The rock skipped five times across the water before sinking into a small wave. Not bad, considering the water was rough. As Barrett searched for another rock to beat his new record, we discussed a new idea: what if we gave people all our advice and opinions they never asked for?
I was with four of my closest friends in the mountains of North Carolina for our first ever mastermind retreat. The crew was Barrett Brooks, James Clear, Caleb Wojcik, Matthew Marshall, and myself. We’d just wrapped up a weekend of intense work and business strategy with a hike along the river.
The conversation turned to a friends business and what we thought he really should do. For a second I almost felt guilty for the comment. It was like gossiping about someone who wasn’t there. But actually, our comments and feedback we’re helpful. If I were him, I’d want to know.
Then someone—I’m not even sure who—said the idea that would result in the most valuable time of the weekend:
“What if we talked about each other this way—but when they are present?”
That’s it! We all got excited.
We all think of things each other should be doing, but don’t say it out of politeness. It’s considered rude to walk up to someone and give them your opinion on everything in their life.
Even with friends in a mastermind group you discuss the problems they bring to the table. “What are you struggling with and how can we help?”
Later that evening we laid the ground rules for our newly invented mastermind session:
- Each session would focus on one person for 15 minutes.
- The subject sits there in the room and takes notes.
- They are not allowed to speak or interject at anytime. They may only take notes.
- Everyone else talks about them as if they weren’t there.
Since this is within a group of close friends who understand each others businesses the advice is usually on-point.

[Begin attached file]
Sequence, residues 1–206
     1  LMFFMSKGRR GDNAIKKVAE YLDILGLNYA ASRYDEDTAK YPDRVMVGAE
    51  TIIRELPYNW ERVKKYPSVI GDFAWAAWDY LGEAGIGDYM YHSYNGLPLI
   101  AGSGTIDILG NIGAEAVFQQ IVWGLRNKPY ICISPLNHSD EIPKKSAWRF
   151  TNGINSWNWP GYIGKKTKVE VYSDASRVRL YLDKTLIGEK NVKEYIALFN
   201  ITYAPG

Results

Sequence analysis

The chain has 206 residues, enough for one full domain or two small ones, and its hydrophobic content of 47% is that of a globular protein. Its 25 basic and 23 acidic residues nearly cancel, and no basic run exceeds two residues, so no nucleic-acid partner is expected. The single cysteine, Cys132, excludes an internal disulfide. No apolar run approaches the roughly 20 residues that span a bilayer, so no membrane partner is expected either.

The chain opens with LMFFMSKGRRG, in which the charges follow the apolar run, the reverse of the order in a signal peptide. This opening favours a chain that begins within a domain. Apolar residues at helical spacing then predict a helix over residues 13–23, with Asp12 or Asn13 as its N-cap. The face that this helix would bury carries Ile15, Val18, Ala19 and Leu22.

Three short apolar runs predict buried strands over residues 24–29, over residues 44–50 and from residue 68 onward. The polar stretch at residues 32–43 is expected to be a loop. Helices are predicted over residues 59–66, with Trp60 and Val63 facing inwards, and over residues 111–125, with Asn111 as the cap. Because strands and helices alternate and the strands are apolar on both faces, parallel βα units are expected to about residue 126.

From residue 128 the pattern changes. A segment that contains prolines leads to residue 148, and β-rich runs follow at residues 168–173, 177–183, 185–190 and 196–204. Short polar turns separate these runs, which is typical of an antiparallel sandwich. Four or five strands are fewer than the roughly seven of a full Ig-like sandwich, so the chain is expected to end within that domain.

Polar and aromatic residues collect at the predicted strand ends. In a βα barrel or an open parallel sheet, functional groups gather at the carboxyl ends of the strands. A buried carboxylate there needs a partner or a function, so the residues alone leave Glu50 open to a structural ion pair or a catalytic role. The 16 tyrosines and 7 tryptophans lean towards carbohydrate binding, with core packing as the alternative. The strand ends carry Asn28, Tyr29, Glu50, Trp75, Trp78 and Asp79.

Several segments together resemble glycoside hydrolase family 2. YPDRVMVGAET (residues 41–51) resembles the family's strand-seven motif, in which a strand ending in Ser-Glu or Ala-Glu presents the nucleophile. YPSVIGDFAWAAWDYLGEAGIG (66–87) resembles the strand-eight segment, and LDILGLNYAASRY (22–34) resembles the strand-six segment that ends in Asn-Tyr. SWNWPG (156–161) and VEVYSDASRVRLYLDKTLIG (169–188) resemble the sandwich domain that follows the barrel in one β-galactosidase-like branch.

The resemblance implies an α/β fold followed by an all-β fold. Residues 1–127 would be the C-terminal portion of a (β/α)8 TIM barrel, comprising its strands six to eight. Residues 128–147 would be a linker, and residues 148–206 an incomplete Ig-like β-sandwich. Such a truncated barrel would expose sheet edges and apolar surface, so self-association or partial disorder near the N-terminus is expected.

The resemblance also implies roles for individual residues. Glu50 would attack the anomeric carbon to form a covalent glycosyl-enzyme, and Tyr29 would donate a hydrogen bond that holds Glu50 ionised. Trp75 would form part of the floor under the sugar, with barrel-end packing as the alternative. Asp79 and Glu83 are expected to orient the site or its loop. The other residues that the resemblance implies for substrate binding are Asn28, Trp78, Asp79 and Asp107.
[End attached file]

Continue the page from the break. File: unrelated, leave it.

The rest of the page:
Shut up and listen
During my session it was so hard to keep my mouth shut. Someone would bring up that they think I should have followed through on X or made a different decision about Y. I desperately wanted to interject with all the reasons I made that decision.
That’s when we realized something critical: we judge ourselves based on our intentions. I meant to do that, but it didn’t work out because I wasn’t able to get enough traction.
But everyone else can’t do that. Outsiders can only judge based on actions and outcomes. The external things.
So we can reason away our own shortcomings based on intentions and feelings, but in this session you get to hear exactly what your peers thought you should have done. Even if you had the best of intentions, you still fell short of what you could have accomplished.
So, I sat there with my mouth shut and typed.
Here are a few of my notes:
“Nathan was most interesting when he was teaching design”
“Yeah, why did he move away from teaching design?”
Another comment was “Nathan’s internet fame rose so quickly. He came out of nowhere. And then everything stalled out.”
“Turning the corner for design to marketing represented a decrease in interest. People want to learn design from a great designer.”
To which I wrote: ConvertKit can be a way to keep designing. Teach about designing ConvertKit. (That would also help sell ConvertKit). ConvertKit gives me design things to write about.
Then someone brought up the word “precocious”. Chris Guillebeau had used it to describe me in a recent blog post. Here’s the dictionary definition: “having developed certain abilities or proclivities at an earlier age than usual.”
That turned the topic to me getting burnt out. Pushing too hard on too many different things without seeing results. I don’t remember who brought this up, but I wrote down:
Precocious: early innings of a long game. Make sure to build something sustainable. Make it less taxing.
After a few other brief comments on ConvertKit, my session was over and I could finally open my mouth. I instantly wanted to defend why I moved away from primarily teaching design…but really, they were right. That is where I made my name and built my audience.
My marketing ideas and writing have had a huge impact, but just looking back at financial success from each launch, teaching design is the better business.
With the success of ConvertKit I’ve moved in a different direction entirely, but through this session I learned exactly what my peers thought I should be doing and their opinions on my business in the last year.
Give it a try
The details of everyone else’s sessions are not for me to share, but each person said their 15 minutes of unsolicited feedback was the most valuable time of the weekend for them. And it wasn’t all critical. I think all of us left feeling respected and valued by our peers, but with a clear list of what to work on.
I just heard from my good friend Grant Baldwin that his mastermind group tried “the ‘talk about the person in front of them’ deal“. He went on to say it was the highlight of their weekend retreat.
I think it’s time you started asking for unsolicited advice (from the right people).